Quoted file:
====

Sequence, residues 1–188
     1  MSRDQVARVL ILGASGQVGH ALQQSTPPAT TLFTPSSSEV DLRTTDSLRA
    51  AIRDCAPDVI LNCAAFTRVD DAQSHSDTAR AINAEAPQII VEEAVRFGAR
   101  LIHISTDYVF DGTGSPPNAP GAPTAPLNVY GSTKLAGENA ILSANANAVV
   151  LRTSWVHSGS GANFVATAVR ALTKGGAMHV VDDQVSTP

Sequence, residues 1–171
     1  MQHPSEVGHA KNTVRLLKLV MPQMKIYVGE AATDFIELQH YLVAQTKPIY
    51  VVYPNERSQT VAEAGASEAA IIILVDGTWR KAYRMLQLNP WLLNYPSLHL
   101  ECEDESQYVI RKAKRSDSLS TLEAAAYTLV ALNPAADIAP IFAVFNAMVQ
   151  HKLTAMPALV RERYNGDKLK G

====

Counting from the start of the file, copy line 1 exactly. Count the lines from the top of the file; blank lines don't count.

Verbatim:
Sequence, residues 1–188